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Fallen hedge fund manager Raj Rajaratnam's sentence will reflect the changing attitudes toward financial crimes, Buchanan Ingersoll & Rooney's Stuart Slotnick told The New York Times in an article published September 19, 2011. The article was also picked up by the Associated Press and Wall Street & Technology magazine.

Earlier this year, a jury convicted Rajaratnam of 14 counts of securities fraud and conspiracy, and federal prosecutors are seeking a prison term of up to 24 years.

Slotnick predicts the sentencing judge will put the ex-Galleon Group head in jail for 12 to 15 years. Though not as lengthy a term as the one sought by the government, such a sentence will be a record for an insider trading conviction.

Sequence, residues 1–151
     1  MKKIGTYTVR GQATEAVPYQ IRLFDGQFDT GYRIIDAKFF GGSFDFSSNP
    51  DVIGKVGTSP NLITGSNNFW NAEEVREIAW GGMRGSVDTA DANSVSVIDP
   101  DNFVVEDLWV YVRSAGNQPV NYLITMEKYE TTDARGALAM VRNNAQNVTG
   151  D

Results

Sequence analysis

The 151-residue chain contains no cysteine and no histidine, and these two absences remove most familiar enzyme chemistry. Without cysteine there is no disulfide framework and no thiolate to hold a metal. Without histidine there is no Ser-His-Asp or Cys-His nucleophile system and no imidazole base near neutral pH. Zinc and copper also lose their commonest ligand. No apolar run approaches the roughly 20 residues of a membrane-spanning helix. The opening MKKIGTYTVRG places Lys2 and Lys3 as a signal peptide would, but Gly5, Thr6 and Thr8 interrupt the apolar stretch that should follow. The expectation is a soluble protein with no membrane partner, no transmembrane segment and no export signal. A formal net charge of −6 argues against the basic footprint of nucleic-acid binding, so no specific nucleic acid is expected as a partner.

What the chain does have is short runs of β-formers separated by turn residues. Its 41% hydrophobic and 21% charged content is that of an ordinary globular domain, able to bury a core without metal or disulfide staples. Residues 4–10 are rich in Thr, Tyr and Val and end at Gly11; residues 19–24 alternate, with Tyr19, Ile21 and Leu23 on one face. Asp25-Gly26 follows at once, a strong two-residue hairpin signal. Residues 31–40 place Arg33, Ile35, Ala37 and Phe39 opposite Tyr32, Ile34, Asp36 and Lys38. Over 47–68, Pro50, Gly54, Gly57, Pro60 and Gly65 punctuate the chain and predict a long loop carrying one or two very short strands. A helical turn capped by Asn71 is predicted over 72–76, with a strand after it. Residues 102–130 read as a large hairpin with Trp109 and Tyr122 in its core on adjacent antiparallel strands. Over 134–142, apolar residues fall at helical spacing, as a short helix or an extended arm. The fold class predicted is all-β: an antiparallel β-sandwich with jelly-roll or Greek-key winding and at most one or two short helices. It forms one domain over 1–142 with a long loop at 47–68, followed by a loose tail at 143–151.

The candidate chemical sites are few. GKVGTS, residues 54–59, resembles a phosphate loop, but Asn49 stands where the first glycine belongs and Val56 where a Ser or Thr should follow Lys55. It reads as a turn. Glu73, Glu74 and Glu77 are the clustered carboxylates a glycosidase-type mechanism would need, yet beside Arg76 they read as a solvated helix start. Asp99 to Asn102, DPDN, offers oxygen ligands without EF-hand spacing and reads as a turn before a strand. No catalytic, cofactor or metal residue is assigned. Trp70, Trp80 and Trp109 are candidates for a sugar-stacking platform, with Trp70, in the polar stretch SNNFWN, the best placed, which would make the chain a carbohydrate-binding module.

"There is a 'Wall Street is bad' mentality that permeates the culture," Slotnick explained. "It's now in the social ether that financial crimes of whatever kind cause widespread damage and hurt everybody."

In post-trial comments to a court probation officer, Rajaratnam made inflammatory comments that would "absolutely count against him" in sentencing, Slotnick said in a the Guardian article published September 13, 2011.

Slotnick explained judges' sentencing guidelines as being influenced by a points system with defendants being rewarded for cooperation and punished for high-level involvement in the crime.

"The guidelines are only advisory, but acceptance of responsibility will be the centrepiece of the prosecution's argument that he should get a higher sentence," Slotnick told the UK's Guardian newspaper. "Without question, [Rajaratnam's comments are] going to make it a lot worse for him."